After the official opening bash, the capital's annual art fair gets into full swing with an international list of exhibitors taking part.
Abu Dhabi Art gears up for Saadiyat fair opening
Leading collectors, artists and exhibitors are heading to Saadiyat Island this evening as the capital’s art fair kicks off for its third year.
Following a lavish VIP bash tonight, Abu Dhabi Art (ADA) will open its doors to the public tomorrow. The 50 exhibiting galleries hope to catch the eye of the Gulf’s healthy collector base as well as of the acquisitions teams buying for Abu Dhabi’s Guggenheim-to-be.
After two years based in the Emirates Palace hotel, the art fair now shifts to Abu Dhabi’s in-construction cultural district. ADA is based between Manarat Al Saadiyat, an arts venue on the island, and the pavilion that housed the UAE’s participation at the 2010 Shanghai World Expo. This glittering, wavelike building was designed by Foster+Partners and has been reconstructed, panel by panel, on the island.
For 2011, representatives of galleries from Hong Kong, New York, Tunis, Dubai, Dublin and beyond are heading to the UAE capital. Some are returning, others are newcomers; but in an attempt to carve out an identity in a region positively blooming with art fairs (the MENASA Art Fair took place in Beirut over the summer and Art Dubai returns in March), “international” is fast becoming ADA’s tagline.
“We try to avoid this split between notions of international, regional and local,” says Rita Aoun Abdo, the executive director of the Tourism Development and Investment Company’s cultural department, the body behind the fair.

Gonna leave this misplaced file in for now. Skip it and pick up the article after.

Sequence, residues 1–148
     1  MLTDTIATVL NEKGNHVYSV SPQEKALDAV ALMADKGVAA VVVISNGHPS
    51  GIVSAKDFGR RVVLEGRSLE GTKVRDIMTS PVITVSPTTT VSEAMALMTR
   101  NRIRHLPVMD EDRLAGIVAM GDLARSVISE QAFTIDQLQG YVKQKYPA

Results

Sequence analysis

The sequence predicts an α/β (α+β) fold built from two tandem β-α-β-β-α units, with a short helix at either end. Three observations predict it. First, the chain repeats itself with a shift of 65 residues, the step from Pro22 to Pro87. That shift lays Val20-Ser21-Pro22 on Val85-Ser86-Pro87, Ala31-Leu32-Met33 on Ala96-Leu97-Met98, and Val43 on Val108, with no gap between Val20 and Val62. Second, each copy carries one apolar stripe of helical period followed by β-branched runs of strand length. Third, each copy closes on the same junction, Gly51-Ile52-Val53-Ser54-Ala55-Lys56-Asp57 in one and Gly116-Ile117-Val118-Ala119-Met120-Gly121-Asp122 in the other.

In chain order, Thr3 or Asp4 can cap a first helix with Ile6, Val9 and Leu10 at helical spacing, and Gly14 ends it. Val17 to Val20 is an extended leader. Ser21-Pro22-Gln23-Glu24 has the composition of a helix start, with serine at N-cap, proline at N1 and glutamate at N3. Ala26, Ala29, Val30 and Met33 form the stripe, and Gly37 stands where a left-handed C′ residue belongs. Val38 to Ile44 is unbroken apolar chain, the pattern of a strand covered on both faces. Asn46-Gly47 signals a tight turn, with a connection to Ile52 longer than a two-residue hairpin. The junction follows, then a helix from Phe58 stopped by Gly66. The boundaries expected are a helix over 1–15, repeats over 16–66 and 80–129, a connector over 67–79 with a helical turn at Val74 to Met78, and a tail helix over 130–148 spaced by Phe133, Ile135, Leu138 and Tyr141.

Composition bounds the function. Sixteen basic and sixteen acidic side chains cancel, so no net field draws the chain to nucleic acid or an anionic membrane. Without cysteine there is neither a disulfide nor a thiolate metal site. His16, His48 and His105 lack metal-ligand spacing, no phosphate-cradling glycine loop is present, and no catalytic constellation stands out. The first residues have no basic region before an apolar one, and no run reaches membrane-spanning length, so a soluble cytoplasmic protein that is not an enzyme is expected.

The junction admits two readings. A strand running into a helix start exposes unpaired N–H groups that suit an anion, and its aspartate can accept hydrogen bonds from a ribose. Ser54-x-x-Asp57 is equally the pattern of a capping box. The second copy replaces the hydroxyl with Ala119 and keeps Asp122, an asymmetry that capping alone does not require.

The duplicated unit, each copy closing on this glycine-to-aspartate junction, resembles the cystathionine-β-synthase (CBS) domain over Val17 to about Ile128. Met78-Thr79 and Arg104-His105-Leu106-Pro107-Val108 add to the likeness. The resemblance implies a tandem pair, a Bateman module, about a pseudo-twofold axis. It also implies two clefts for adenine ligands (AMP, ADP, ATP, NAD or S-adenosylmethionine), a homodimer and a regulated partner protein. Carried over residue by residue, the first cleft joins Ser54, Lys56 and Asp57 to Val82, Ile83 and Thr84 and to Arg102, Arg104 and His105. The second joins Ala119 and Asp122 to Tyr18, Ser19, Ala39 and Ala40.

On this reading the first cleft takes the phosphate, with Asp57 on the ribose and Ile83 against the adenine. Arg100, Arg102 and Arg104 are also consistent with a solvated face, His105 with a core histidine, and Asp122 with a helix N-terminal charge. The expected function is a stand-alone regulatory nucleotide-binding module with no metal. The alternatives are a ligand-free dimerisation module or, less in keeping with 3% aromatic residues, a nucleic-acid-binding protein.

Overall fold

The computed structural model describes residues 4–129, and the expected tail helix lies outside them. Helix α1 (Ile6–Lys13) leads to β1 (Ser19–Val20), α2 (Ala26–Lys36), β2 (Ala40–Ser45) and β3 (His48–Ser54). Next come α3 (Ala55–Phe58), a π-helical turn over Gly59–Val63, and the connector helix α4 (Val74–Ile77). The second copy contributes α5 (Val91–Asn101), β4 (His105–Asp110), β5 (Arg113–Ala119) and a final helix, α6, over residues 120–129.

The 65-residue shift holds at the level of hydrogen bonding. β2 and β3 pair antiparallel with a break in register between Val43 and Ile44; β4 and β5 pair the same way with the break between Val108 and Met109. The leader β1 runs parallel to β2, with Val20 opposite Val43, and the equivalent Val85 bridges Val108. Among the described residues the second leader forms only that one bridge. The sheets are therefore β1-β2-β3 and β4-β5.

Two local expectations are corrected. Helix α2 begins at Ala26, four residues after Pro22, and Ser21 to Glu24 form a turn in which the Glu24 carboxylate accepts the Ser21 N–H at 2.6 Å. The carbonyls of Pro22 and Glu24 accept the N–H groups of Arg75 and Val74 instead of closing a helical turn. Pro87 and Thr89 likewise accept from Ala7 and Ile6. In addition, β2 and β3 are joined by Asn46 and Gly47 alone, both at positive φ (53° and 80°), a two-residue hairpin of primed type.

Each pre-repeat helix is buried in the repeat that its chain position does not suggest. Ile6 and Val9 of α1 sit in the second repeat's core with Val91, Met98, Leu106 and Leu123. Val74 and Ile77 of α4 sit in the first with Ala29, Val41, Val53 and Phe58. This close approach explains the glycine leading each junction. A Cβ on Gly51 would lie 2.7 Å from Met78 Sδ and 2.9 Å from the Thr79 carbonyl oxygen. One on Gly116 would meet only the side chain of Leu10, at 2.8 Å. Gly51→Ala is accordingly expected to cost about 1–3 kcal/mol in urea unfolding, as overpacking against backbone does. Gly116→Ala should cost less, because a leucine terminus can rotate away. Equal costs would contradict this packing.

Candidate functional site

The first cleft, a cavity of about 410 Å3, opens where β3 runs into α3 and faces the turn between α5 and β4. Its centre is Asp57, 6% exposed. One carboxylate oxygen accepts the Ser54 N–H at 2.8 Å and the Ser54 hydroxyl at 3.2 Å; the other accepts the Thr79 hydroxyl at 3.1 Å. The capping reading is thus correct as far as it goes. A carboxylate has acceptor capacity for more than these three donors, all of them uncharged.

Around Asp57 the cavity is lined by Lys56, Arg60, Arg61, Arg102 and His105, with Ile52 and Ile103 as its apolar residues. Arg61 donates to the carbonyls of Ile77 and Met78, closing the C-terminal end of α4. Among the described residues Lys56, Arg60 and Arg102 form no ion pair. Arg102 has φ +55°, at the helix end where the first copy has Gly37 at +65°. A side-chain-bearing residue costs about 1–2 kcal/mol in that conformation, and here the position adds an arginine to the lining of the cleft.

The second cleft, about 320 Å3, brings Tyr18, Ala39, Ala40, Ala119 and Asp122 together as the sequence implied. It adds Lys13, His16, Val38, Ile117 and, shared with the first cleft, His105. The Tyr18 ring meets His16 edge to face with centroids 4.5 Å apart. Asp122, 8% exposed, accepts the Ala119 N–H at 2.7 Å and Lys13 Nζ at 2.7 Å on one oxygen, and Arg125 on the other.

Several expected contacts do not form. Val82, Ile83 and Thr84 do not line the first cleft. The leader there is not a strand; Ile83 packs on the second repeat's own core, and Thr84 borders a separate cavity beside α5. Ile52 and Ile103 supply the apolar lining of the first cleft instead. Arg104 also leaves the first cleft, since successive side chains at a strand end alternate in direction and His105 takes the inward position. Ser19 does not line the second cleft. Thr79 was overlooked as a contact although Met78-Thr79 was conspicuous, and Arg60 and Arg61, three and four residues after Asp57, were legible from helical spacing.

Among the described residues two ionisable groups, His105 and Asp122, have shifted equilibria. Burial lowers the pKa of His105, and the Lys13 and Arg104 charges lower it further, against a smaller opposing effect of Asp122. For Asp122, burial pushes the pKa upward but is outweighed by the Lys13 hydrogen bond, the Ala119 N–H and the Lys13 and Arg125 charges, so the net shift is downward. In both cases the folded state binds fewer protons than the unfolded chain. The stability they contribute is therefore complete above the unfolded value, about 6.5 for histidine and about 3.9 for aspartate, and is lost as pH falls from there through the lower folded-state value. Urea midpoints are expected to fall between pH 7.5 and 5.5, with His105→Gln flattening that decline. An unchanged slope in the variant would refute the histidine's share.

“We try as much as possible to create a vibrant art scene that celebrates the multicultural nature of the UAE capital and its place as a platform of exchange. This, I feel, is the identity of Abu Dhabi Art – you cannot describe it as a local or regional fair.”
A notable first-timer to Abu Dhabi Art is the UK’s Lisson Gallery, a high-profile outfit that represents several contemporary big hitters, including the likes of the Chinese artist Ai Weiwei, the performance artist Marina Abramovich and Haroon Mirza. Lisson was notably absent from Art Dubai’s line-up of galleries earlier this year, so its return to the region is welcomed.
Several big names have signed up for another year: Larry Gagosian – a vocal advocate of the event and a seasoned exhibitor – is back, his gallery on Madison Avenue home to a stable of 20th-century masters such as Joseph Beuys, Francis Bacon, Pablo Picasso and Roy Lichtenstein. Galerie Thaddaeus Ropac’s selection includes work by the British sculptor Antony Gormley (of Angel of the North fame), while Galerie Jérôme de Noirmont returns with several pieces by the American post-pop art star Jeff Koons, who will, no doubt, be hanging around Abu Dhabi throughout the week.
But for all the internationalism that ADA hopes to convey, a number of galleries hailing from outside the region are dedicated to art from the Middle East. Rose Issa Projects, based in London, is one of Europe’s biggest exponents of Arab and Iranian art and makes its ADA debut this year.
“Every year we do a first and for us ADA is our first for 2011,” says Rose Issa, the director of the gallery. “I’ll support any art fair in the Arab world.”
Issa is confident about the pieces she’s bringing, and has several collectors from around the region flying in for opening night. On her booth are works by Farhad Ahrarnia, Selma Gürbüz, Fathi Hassan and Chant Avedissian, with whom the gallerist has worked with for the past 17 years. “He’s an Egyptian artist who has paid homage to all the elements of culture in his country – be that pharaonic, Islamic, Ottoman, socialist – as well as the thinkers, politicians and singers of the Arab world.”